If it were me I'd find a new hood. That one will rust from the inside out in 3-4 years (maybe less) from the looks of the interior frame. My car (bought new by my Dad and garage kept) has a tiny bubble on the outside of the hood just under one of the frame rails. It looks fine everywhere else. I'm thinking the hood didn't get dipped and is bare metal behind the inside rails. I've used one of the rust converter products and a long tube and sprayed inside all the openings on the hood frame - hopefully that will slow things down a bit.

          Couple of other spots I found on mine that didn't get much primer from the factory is the upper sheet metal and frame behind the sun visor area and above the rear glass on the roof (found that when replacing the headliner). Fixed it before I re-installed the new headliner. All that rust control made the headliner job three times as long though.


          edit - figured I would include a pic of my hood frame. Virtually no rust inside even though I have the tiny spot on top. Not from a rock chip etc because the paint is still on and the rust is underneath.

          edit #2 - dug up a few pics of the roof behind the headliner. As you can see - not much primer and what I suspect the back side of the hood looks like under the frame - not terrible - just things I've found over the years and something others may want to look at if the plan is to keep the car long.

          Last edited by DKheld; November 21st, 2018, 07:15 PM.


          • #6
            Those folks at DrivenResto have some big shoes to fill putting that Tbird on a frame -

            (of course - frame and suspension technology has changed a little since 1960)

            Looking forward to the build details....


            • #7
              Yeah, I'm with Eric. Some things are better left untouched. The stock front suspension on a Squarebird is so LONG, a spring compressor isn't needed. 'Long' also gives a much better ride because shock absorbers use a longer stroke. To replace it with a 'Mustang' front end is a big mistake but I understand why a novice would do it.

              I read that the 9" RE was going as well. OMG!

              Other members have retrofit Coyote engines, front power disc brakes and rack and pinion gears while keeping the stock control arms and spindles:

              Here's an example of a nice R&P retrofit:

              Mustang-type setups are much weaker and tend to bend without extra 'K' members.

              I also read, they want to build this car for cross-country service. That's nice BUT not with rims that are 2" off the pavement. I've seen cars on Chicago's expressways blow tires AND rims on a single pot hole. It broke my heart to think of the expense and the fact that the guy didn't have two spares.

              An artist's rendition gives an idea but implementing same into a real car is going to be a real challenge. So much of a daunting task, it simply isn't worth it in my book.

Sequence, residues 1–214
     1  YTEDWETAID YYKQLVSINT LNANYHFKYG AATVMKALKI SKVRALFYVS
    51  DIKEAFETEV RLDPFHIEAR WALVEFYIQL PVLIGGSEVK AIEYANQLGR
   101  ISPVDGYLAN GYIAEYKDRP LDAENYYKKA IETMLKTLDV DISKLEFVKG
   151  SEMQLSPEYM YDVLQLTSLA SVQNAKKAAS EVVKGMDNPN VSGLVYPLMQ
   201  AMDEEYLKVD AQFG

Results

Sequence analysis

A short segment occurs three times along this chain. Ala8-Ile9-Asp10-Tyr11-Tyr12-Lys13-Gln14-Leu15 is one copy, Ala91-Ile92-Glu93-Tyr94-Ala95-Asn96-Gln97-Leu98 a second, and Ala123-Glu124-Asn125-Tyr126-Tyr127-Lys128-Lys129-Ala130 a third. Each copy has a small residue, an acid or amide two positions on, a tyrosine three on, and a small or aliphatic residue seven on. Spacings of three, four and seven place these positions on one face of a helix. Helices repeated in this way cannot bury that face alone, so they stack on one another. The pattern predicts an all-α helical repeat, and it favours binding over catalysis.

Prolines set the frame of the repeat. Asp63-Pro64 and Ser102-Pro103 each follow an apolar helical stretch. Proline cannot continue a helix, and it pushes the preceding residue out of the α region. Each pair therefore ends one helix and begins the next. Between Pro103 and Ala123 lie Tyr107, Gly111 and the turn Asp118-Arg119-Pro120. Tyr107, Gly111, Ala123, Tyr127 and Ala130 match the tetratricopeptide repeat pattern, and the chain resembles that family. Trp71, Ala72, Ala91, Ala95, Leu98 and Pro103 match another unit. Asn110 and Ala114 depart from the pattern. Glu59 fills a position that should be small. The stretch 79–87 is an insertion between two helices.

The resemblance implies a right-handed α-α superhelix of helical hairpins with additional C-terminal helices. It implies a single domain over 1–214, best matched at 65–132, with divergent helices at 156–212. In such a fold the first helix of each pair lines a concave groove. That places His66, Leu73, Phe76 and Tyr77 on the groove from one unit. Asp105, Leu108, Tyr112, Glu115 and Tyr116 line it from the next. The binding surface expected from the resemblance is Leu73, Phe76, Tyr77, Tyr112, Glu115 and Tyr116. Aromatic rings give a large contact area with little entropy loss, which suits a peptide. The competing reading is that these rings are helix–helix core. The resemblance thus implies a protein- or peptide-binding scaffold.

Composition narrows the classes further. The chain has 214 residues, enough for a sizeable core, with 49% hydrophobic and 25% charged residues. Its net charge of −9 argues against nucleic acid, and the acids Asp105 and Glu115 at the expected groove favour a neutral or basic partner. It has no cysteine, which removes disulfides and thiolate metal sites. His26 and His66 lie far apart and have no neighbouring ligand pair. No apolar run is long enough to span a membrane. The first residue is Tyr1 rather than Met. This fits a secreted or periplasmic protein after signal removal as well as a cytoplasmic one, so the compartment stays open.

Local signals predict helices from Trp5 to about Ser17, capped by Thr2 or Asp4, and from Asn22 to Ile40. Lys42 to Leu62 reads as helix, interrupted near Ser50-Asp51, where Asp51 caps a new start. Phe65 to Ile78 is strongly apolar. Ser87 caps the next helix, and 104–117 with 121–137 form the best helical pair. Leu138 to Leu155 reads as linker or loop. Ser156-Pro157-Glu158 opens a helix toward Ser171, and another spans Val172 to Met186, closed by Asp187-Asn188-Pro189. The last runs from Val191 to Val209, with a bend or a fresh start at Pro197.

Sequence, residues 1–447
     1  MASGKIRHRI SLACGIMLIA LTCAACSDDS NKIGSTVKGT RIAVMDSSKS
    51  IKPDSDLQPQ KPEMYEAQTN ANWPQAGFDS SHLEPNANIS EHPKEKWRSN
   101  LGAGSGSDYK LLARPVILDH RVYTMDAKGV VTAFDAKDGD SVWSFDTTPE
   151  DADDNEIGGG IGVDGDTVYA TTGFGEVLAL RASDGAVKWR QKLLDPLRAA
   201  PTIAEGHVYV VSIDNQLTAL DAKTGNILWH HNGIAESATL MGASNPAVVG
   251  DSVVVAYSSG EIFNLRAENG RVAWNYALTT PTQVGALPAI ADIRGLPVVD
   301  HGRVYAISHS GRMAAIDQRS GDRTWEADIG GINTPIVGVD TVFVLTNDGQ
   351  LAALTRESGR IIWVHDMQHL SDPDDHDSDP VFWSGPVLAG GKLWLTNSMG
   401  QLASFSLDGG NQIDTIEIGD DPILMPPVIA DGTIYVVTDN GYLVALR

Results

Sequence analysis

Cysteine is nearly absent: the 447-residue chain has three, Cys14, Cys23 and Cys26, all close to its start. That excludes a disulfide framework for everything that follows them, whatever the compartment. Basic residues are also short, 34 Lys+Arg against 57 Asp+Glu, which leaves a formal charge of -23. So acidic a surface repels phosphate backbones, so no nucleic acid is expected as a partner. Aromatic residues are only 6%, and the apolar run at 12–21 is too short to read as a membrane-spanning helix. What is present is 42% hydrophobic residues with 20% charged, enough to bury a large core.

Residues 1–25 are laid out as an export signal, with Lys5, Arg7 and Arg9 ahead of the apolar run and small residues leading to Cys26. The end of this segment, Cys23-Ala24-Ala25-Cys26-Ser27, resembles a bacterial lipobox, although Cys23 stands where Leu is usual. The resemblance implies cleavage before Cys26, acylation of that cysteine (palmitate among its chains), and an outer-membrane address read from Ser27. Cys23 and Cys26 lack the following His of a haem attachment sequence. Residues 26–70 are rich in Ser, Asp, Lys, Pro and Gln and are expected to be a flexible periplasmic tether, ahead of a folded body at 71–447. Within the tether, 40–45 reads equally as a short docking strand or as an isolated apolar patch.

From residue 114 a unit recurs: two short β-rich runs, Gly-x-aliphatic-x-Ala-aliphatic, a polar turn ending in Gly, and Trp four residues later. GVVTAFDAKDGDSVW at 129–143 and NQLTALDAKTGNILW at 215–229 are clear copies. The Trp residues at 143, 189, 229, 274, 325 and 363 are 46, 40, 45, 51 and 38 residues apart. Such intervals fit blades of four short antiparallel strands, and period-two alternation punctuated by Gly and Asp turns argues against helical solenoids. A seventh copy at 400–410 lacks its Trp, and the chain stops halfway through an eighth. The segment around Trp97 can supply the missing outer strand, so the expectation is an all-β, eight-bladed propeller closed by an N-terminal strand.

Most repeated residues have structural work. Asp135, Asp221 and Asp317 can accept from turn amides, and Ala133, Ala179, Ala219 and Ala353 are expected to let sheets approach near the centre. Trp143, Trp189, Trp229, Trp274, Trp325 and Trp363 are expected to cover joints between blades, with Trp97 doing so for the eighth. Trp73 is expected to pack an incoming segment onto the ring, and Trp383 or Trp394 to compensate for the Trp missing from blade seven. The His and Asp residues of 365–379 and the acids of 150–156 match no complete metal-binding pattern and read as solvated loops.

I would hate to see the dash gauges go too. No other car uses them. I don't know if they are considering an "I did it" column either. But hey, it's their money and their car. Monster cars put the body above the frame as well...

              Still no return call... - Dave
              My latest project:
              CLICK HERE to see my custom hydraulic roller 390 FE build.

              "We've got to pause and ask ourselves: How much clean air do we need?"
              --Lee Iacocca


              • #8
                I think everyone should do to their car whatever pleases them, but the last thing I would consider replacing is the factory gauges. Looking at the original instrumentation is part of the time-traveling effect for me.

                Steering wheel, maybe if too big a diameter, but not the original speedo and other gauges. Add some under dash gauges, replace, refurbish or update mechanisms in originals, call it good...

                I have seen some real nice customized dashes on some very expensive cars, but while I can appreciate the craftsmanship involved it takes away from the car for me. But, to each their own...

                Guess that makes me of the restomod crowd.. though most stock wheels and hubcaps don't do a thing for me either..


                • #9
                  I agree with BW, whatever floats your boat, but I always wonder when someone buys a classic style ford, and because they are a dime a dozen and don't present as many fitment issues drops in a GM small block. Or takes something like our cars and retrofits some new age dash and instrument cluster in. I bought my car after about an 18 month exhaustive search for something with as close to stock appearance and little to no rust. Why would I then guy is and drop in a Coyote motor unless mine was trashed. I can understand the logic behind a 4 speed automatic, so it can be driven over some longer distances but its a pretty long stretch to think of a circa 1960 car with an ECM and fuel injection. But like I said whatever floats your boat.